8/05/2012

Fowl or Fish?

The last two years have been especially challenging for my flower gardens. Between an historic cold snap of zero degrees for two nights in a row and a killer drought of 6 1/2 months last year, my plants took a real hit. There were several plants that outright kicked the bucket after the extreme cold. When last spring rolled around, the poor things were brown and crispy. Vainly I looked for a hint of green, but alas, they were unceremoniously removed and tossed in the dead plant pile out back. Some struggled along and finally managed to leaf out, putting out a few blooms. The roses were mediocre, so I cut them back with impunity in the fall. There's always next year, I maintained. 

Spring 2012 rolled around and with high hopes of bushels of flowers, gardening began again in earnest. The roses recovered from their 2011 doldrums and produced nicely all through May. There were however, a few more flower fatalities and some slackers who just hadn't recovered in the courtyard. Replacements were chosen and planted. Extra waterings and fertilizer were brought to bear with some success. Thinking all was well, we left for a two-week vacation in June. Upon our return, we were greeted by stripped rose bushes. The gang of rabbits that inhabit the Casa Wallace property had voraciously eaten the leaves from the bottom of the canes to about mid-way.  The bushes looked like they had been given a faux-hawk. Fertilizing and watering in earnest, my hopes were dashed as the the roses continued in a pathetic state of suspended animation. My husband has had to put up with some serious griping about the trials of gardening in the high desert. How I longed for the loam of Back East.

Our neighbors down the road moved a few weeks ago and presented us with their supply of fertilizers when they were cleaning out the garage.  We often commiserated on the struggles of desert gardening. Gratefully I added them to my shelf and started experimenting with some I hadn't tried before--fish fertilizer. If throwing a couple of dead fish in the hole with corn and squash was good enough for the Iroquois, it had to be for me. Although the bottle says low odor, don't believe it. The smell of expired fish now permeates the rose garden. The dog, who is a large black Labrador is in absolute heaven. He even licked the spoon I was using to mix up the stuff. (It's organic and harmless.) Clancy stands sniffing the air and then the ground, his eyes shining blissfully. He's tempted to roll in the lantana, but so far he's controlled himself. Let's hope this works and the smell of roses once again graces the front yard.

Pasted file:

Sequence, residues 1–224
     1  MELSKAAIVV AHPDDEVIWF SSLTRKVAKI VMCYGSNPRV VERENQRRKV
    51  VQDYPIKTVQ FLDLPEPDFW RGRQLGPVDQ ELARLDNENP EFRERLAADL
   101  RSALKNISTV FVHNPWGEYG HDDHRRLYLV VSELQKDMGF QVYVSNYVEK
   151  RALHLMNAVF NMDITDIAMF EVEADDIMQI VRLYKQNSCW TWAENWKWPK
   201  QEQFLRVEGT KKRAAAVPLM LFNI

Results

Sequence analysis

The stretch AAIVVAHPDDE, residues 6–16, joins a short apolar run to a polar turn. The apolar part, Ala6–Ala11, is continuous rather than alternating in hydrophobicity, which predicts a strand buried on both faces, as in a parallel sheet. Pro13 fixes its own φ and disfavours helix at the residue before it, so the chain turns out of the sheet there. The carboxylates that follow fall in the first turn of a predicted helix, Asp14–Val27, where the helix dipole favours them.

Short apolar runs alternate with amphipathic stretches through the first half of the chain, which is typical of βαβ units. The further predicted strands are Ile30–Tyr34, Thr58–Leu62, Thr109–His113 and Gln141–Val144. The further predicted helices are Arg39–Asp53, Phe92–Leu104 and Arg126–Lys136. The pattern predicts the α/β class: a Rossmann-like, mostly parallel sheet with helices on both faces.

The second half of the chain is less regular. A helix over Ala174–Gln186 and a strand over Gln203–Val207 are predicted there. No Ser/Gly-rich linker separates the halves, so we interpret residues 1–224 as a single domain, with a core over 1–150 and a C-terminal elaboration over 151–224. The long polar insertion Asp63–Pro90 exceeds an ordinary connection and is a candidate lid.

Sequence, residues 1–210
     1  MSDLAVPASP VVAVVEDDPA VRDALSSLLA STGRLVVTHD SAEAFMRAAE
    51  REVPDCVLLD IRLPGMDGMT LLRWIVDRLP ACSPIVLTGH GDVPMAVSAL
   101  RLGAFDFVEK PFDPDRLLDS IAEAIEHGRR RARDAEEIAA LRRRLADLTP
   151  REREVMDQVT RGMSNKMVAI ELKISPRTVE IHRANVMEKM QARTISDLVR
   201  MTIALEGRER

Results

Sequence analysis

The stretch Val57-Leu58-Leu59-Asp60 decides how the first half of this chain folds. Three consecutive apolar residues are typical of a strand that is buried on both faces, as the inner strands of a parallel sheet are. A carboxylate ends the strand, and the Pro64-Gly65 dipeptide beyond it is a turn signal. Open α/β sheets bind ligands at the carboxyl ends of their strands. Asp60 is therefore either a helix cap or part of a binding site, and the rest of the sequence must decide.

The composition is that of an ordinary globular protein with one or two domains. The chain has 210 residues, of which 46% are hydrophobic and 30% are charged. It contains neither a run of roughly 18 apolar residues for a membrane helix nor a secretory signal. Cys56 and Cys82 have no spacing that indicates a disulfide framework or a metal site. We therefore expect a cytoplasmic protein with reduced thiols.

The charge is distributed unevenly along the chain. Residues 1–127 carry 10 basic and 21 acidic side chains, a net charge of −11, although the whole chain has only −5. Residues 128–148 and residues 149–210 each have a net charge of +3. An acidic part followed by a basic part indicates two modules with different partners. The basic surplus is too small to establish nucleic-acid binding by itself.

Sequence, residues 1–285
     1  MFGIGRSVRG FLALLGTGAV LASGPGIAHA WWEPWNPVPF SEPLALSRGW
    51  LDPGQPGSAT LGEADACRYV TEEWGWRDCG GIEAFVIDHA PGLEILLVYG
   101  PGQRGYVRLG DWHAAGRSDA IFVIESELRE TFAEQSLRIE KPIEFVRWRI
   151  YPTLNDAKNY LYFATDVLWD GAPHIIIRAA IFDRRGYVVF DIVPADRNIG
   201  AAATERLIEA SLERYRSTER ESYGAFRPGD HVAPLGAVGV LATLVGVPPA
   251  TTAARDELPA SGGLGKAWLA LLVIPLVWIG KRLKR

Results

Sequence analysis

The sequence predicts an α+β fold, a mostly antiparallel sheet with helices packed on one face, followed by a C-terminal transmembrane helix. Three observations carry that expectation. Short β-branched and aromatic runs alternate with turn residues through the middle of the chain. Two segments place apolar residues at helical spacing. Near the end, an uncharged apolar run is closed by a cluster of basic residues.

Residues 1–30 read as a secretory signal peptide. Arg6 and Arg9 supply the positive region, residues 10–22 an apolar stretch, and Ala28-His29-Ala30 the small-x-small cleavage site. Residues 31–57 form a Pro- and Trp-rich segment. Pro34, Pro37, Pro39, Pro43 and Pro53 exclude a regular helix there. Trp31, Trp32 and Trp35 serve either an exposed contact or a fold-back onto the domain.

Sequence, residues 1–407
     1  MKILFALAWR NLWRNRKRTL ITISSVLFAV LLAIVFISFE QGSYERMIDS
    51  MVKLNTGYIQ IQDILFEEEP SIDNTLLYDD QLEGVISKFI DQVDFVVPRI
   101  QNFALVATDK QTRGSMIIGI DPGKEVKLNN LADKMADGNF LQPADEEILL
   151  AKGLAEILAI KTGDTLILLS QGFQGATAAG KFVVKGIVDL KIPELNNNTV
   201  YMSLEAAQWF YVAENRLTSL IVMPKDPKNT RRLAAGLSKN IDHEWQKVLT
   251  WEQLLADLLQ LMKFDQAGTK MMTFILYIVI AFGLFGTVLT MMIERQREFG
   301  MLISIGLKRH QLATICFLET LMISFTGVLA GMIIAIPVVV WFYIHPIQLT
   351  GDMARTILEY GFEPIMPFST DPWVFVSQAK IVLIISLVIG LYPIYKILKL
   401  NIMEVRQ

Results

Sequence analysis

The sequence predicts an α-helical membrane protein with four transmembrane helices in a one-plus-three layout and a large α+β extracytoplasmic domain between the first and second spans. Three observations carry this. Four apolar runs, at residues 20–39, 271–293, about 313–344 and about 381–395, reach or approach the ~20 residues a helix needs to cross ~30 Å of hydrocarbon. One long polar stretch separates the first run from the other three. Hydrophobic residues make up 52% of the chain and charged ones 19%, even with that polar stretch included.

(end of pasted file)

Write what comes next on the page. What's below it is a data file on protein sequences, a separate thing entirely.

Lantana

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Positively encouraging

8/05/2012

Fowl or Fish?

The last two years have been especially challenging for my flower gardens. Between an historic cold snap of zero degrees for two nights in a row and a killer drought of 6 1/2 months last year, my plants took a real hit. There were several plants that outright kicked the bucket after the extreme cold. When last spring rolled around, the poor things were brown and crispy. Vainly I looked for a hint of green, but alas, they were unceremoniously removed and tossed in the dead plant pile out back. Some struggled along and finally managed to leaf out, putting out a few blooms. The roses were mediocre, so I cut them back with impunity in the fall. There's always next year, I maintained. 

Spring 2012 rolled around and with high hopes of bushels of flowers, gardening began again in earnest. The roses recovered from their 2011 doldrums and produced nicely all through May. There were however, a few more flower fatalities and some slackers who just hadn't recovered in the courtyard. Replacements were chosen and planted. Extra waterings and fertilizer were brought to bear with some success. Thinking all was well, we left for a two-week vacation in June. Upon our return, we were greeted by stripped rose bushes. The gang of rabbits that inhabit the Casa Wallace property had voraciously eaten the leaves from the bottom of the canes to about mid-way.  The bushes looked like they had been given a faux-hawk. Fertilizing and watering in earnest, my hopes were dashed as the the roses continued in a pathetic state of suspended animation. My husband has had to put up with some serious griping about the trials of gardening in the high desert. How I longed for the loam of Back East.

Our neighbors down the road moved a few weeks ago and presented us with their supply of fertilizers when they were cleaning out the garage.  We often commiserated on the struggles of desert gardening. Gratefully I added them to my shelf and started experimenting with some I hadn't tried before--fish fertilizer. If throwing a couple of dead fish in the hole with corn and squash was good enough for the Iroquois, it had to be for me. Although the bottle says low odor, don't believe it. The smell of expired fish now permeates the rose garden. The dog, who is a large black Labrador is in absolute heaven. He even licked the spoon I was using to mix up the stuff. (It's organic and harmless.) Clancy stands sniffing the air and then the ground, his eyes shining blissfully. He's tempted to roll in the lantana, but so far he's controlled himself. Let's hope this works and the smell of roses once again graces the front yard.
Lantana

No comments: